Many NHS campaigners across the country are signing a public letter stating that we are extremely concerned that the Bill for the Commission is misleading at best, and deceitful at worst. We urge MPs who have the interests of the public, rather than the vested interests of the private health sector, as their main concern, to refuse support for this Commission. Continue reading
GP Dr Bob Gill uncovers the real reason for Hunt’s attack on junior doctors. Junior doctors’ reduced income (through loss of unsocial hours pay) and increased hours performing routine work in evenings and weekends, would increase profitability for the private health care companies that are set to take over the NHS as the Five Year Forward View rolls out.
The government’s latest assault on the NHS involves imposing a new contract for junior doctors that will see their salaries slashed by 30%, with a requirement for evening and Saturday work. The excuse is that this change will provide a 7 day service and improve patient outcomes on weekends.
The reality is that more qualified staff are being driven out, in preparation for the deskilling that is always part of healthcare privatisation and corporate takeover.
This is mapped out in NHS England’s Five Year Forward View – the brainchild of Simon Stevens, previously an executive at the global American health insurance company UnitedHealth and now head of NHS England. Continue reading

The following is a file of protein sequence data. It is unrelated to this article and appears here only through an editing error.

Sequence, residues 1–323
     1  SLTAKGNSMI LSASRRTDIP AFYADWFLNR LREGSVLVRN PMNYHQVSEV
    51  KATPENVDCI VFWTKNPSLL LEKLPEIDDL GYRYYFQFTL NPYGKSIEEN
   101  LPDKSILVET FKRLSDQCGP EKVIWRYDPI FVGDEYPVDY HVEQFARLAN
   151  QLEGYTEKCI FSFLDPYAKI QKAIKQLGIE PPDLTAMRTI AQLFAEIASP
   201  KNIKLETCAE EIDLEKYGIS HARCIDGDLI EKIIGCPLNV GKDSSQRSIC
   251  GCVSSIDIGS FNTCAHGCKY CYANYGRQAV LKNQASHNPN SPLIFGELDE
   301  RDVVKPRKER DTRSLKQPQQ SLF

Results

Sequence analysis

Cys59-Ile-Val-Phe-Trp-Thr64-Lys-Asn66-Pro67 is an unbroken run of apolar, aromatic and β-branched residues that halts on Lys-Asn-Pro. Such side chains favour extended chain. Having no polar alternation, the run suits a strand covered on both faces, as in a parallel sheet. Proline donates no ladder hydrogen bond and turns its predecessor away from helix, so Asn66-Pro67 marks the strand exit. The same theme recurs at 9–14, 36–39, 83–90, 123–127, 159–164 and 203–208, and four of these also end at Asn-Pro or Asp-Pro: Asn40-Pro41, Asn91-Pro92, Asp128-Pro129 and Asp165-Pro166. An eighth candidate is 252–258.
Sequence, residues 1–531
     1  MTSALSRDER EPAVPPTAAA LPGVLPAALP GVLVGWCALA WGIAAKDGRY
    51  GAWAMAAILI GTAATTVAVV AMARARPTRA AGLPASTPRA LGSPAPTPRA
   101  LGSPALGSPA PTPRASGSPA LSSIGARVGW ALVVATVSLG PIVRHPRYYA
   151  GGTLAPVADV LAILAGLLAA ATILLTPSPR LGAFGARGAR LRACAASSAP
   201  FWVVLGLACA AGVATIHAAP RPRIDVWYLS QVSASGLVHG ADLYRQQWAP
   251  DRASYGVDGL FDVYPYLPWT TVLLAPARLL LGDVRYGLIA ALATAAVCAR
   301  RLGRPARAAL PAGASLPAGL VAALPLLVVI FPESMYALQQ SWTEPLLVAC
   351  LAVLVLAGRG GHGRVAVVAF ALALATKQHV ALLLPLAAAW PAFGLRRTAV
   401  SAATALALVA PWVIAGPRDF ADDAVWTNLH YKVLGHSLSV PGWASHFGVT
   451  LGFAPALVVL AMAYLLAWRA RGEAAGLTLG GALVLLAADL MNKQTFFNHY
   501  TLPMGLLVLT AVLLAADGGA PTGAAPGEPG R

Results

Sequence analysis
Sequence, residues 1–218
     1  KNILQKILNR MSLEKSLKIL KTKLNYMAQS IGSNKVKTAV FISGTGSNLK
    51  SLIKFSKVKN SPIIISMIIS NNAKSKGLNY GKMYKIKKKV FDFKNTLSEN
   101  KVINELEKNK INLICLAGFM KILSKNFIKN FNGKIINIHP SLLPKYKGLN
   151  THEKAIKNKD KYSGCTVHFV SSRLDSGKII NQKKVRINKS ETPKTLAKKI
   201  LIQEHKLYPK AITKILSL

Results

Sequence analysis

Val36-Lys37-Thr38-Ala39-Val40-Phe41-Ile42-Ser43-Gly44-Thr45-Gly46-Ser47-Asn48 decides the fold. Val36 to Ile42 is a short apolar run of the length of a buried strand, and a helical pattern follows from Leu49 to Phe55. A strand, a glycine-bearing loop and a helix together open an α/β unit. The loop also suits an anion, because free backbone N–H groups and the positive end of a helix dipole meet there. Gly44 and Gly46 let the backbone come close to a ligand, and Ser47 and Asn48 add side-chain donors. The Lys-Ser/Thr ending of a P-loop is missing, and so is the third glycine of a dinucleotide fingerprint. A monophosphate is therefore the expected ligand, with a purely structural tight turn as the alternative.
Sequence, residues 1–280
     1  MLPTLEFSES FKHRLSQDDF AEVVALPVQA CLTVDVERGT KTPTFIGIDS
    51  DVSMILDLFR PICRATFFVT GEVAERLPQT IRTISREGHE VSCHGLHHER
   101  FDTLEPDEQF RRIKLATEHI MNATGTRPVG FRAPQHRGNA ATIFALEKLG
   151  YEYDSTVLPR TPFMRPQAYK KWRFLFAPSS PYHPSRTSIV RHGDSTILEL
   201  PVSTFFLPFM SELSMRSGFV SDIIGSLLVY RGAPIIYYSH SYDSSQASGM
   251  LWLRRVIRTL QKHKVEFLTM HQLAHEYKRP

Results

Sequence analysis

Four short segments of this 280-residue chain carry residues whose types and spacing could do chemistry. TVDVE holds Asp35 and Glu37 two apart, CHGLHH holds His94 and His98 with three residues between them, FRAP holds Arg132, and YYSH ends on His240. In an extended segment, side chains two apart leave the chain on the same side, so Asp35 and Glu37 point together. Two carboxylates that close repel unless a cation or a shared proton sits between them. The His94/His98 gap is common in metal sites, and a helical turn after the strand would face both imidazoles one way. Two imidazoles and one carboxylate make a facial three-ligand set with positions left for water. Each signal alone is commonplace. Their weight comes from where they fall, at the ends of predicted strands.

As a group working for a fair, healthy, sustainable food system that can help solve the epidemic of obesity and diabetes caused by the current dysfunctional food system, Growing Futures recently took part in the Voluntary Action Calderdale workshop on Understanding how the NHS works in Calderdale.
The main information at the Workshop was that the NHS in Calderdale now operates just like any marketplace.
The VAC training workshop was part of its 3 year, £750K contract with Calderdale Clinical Commissioning Group, for Third Sector Development and Support. Continue reading
The clinical model for the proposed Right Care Right Place Right Time scheme, that NHS commissioners and the Calderdale and Huddersfield hospitals have finally agreed after arguing about for two years, could be thrown up in the air yet again by a cost-cutting 5 year hospitals financial plan that is being drawn up by Ernst and Young (EY), at a cost of £0.5m to the deficit-ridden hospitals Trust.
Our hospitals may be broke, but the global management consultancy company EY had a global income of $US28.7bn in the financial year ending 30 June 2015. This is its fastest growth since 2008, an 11.6% increase over 2014. Obviously clearing up the mess from the 2008 bankers crash of the world economy is good business for EY and its ilk. Continue reading
West Yorkshire Primary Care Support Service centres in Huddersfield, York (2 of them) and Doncaster are due to be closed next year when they’re privatised. This information has only become public through a document leaked to the press.
In a contract worth around £400m for up to ten years, the privatisation quango NHS England is handing corporate giant Capita the Primary Care Support Service (PCSS), that is based in 29 centres across England.
As it takes over the PCSS, Capita plans to close all but 3 PCSS centres and fire nearly 90% of PCSS staff.
The PCSS at Blue Beck House in York is due to close by end March 2016, and the PCSS at Broad Lea House in Huddersfield and the 2 PCSS centres in York and Doncaster are due to close by the end of May 2016. Continue reading